'A Raia' (the stripe) is the oldest separation line between two European countries and was the site of military conflicts for many centuries. A transnational nomination would have a good chance of inscription. The corresponding entry on the Spanish tentative list from 1998 is not very detailed and also includes fortified towns on the border with France. More focus would be required. And it would be necessary to identify enough outstanding and well-preserved sites in both countries to represent this historically important border in its entire length.
Almeida and Marvão are both worth a visit, but neither can compete with Elvas. Thus, a thumbs down from me for the proposal in its present form.
I visited this tentative WHS in July 2020 focusing on the Stronghold of Almeida which is possibly the best bulwarked fortification out of the 4 locations in Portugal. I had already visited and reviewed the Garrison Border Town of Elvas in 2014. Spain also has a separate bulwarked fortification tentative WHS made up of 8 locations, of which I visited Aldea del Obispo and Ciudad Rodrigo (already reviewed in Spain's Romanesque Cultural Enclave tentative WHS) in July 2020 and Pamplona along the Camino Frances in April 2016. I think that with some more trimming from both parties of already inscribed WHS and the weaker locations, this tentative WHS could secure inscription on the WH list if sought as a transnational WHS, following Italy/Kotor/Croatia's footsteps with the Venetian Works of Defence.
Almeida lies only a few kilometres away from the border with Spain, just opposite the fortifications of Ciudad Rodrigo. While the latter fortifications across the border in Spain only protect the highest hill side of Ciudad Rodrigo, the ones in Almeida surround it in a star-like shape and practically are one with the town they protect. I was really positively surprised by the fact that all the narrow gates and streets of Almeida are still accessible by car (although I'd suggest parking for free outside and walking) and fully inhabited by locals not a mere touristic museum town. There are signposted hiking trails around and beneath the fortifications, as well as above them and an interesting small museum next to one of the gates. The fortress was built in a Vaubanesque style, to which the French military engineer is believed to have personally been involved during end of its construction. We were the only visitors around and I had a field day testing my drone from outside Almeida, paying extra attention not to disturb the scores of kites, buzzards and vultures competing against each other to secure the best thermal currents.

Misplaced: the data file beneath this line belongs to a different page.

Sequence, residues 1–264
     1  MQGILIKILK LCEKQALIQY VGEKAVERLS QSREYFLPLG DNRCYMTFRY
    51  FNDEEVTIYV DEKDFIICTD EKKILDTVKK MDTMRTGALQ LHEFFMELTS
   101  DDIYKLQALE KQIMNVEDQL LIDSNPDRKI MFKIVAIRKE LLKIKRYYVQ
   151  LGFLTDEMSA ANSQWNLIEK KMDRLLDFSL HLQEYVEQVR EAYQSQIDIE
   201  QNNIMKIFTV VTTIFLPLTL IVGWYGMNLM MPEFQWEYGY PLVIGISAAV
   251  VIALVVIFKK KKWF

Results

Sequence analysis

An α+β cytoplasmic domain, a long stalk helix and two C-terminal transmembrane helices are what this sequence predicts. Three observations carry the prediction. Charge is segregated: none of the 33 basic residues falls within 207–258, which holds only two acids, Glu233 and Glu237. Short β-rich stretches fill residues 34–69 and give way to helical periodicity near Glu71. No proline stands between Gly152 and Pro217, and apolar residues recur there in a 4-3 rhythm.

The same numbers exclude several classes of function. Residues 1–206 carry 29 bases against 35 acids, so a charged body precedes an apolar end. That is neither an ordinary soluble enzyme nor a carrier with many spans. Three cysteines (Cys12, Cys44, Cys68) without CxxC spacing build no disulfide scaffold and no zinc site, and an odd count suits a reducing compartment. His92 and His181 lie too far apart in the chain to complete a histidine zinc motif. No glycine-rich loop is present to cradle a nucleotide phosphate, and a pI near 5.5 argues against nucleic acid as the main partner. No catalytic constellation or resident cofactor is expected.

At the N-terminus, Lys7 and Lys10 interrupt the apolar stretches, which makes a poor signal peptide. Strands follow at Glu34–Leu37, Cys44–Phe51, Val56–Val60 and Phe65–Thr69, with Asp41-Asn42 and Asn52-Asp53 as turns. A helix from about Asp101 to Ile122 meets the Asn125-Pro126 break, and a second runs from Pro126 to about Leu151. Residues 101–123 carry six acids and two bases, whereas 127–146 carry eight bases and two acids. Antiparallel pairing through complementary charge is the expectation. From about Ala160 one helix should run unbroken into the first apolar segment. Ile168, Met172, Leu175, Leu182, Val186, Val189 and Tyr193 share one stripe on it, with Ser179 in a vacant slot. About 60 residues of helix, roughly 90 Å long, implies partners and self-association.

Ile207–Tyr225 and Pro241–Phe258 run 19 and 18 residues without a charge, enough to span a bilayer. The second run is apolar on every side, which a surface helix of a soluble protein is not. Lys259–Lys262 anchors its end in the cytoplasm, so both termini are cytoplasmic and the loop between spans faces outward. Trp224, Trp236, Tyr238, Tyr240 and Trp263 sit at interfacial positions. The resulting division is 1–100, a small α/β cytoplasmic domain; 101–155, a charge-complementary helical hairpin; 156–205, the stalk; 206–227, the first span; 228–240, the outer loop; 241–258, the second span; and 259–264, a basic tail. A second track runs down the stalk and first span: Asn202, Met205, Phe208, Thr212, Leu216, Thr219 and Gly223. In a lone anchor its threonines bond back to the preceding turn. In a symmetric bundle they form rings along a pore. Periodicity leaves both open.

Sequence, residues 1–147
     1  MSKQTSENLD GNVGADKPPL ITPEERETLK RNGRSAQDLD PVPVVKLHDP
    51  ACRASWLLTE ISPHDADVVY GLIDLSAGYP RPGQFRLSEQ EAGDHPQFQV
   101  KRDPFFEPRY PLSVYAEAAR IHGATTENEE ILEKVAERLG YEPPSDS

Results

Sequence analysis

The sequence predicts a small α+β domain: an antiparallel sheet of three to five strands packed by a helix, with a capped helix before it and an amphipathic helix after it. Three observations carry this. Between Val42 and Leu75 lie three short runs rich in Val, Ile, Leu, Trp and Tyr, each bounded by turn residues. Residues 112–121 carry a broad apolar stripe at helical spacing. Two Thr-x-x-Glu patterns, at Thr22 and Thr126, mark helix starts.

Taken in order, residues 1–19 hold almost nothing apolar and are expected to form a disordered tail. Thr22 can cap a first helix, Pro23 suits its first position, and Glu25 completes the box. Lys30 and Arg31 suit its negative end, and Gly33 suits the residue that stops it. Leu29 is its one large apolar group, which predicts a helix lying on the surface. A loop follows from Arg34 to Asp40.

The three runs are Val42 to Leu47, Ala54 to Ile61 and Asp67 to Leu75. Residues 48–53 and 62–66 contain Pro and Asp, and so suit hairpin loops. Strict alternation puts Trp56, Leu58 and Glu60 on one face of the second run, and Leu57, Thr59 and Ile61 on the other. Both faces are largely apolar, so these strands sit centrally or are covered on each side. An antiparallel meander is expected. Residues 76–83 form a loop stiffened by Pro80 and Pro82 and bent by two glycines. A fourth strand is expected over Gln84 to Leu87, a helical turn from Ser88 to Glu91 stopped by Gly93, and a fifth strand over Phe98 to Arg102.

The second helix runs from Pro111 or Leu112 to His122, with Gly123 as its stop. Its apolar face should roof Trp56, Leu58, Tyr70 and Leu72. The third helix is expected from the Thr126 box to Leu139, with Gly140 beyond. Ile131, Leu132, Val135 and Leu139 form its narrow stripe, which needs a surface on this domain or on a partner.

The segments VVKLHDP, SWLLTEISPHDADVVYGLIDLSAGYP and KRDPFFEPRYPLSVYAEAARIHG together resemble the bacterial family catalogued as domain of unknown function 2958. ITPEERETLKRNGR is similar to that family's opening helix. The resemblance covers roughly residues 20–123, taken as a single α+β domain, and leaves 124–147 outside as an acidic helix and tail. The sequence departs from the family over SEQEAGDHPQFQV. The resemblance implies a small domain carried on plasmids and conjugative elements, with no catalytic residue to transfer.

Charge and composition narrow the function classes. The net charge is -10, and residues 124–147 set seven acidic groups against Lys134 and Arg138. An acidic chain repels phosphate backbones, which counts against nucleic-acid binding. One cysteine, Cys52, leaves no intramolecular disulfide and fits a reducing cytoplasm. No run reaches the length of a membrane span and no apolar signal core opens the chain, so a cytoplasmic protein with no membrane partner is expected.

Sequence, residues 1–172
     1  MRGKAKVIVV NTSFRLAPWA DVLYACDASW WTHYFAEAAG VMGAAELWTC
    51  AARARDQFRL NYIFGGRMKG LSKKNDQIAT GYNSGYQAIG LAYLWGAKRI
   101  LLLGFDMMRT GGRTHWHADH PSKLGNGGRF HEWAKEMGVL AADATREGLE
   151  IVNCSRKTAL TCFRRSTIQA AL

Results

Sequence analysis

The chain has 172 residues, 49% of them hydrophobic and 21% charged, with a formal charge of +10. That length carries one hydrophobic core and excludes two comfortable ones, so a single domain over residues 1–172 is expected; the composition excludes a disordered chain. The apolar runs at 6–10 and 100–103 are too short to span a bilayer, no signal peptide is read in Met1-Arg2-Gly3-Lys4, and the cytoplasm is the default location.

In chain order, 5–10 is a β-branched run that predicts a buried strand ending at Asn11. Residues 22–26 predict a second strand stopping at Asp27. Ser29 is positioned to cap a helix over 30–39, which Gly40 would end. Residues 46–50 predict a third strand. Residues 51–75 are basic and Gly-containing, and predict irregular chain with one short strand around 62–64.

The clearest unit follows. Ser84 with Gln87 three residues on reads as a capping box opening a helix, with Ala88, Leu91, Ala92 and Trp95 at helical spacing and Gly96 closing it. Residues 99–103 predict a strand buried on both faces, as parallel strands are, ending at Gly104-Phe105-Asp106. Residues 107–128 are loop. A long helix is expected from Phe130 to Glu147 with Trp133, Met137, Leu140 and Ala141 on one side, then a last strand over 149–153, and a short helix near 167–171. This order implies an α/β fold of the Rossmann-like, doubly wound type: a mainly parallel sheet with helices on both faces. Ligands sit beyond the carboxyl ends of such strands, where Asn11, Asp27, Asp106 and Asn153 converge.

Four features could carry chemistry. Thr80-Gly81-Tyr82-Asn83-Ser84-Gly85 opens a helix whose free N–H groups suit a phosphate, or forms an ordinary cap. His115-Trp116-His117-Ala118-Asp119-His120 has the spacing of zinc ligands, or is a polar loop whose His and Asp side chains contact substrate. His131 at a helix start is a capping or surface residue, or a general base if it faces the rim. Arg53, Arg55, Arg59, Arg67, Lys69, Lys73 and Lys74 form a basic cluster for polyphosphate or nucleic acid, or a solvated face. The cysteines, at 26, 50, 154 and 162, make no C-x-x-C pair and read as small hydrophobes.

This site contains four fortified places on the Spanish-Portuguese border. Most of them were built in XVIth century or after. Out of four location of this proposal, one is already on the main list (Elvas), so if the whole proposal is inscribed in this shape, for most it would be an easy tick. We managed to visit another one – stronghold of Almeida and it was one of our biggest surprises in this marvellous country.
What stroke us the most is that the stronghold remained practically untouched for more than four centuries, despite the fact that there is still a living town inside. It means that the town can be accessed through several, quite narrow, historical gates. Stronghold walls, moans, ramparts are in the excellent condition and are really picturesque. Of course it all caused relative closure of the town and favored petrification of its architecture. Almeida is one of the nicest small towns we visited. I have never seen a complete fortified town like this and I think it justifies OUV of the proposal.
Includes part of former TWHS Town of Marvao and the craggy mountain on which it is located (2000)
includes Conjunto fortificado de Pamplona
2017 Added to Tentative List
2006 Requested by State Party to not be examined
As Town of Marvao and the craggy mountain on which it is located
The site has 4 locations
25 Community Members have visited.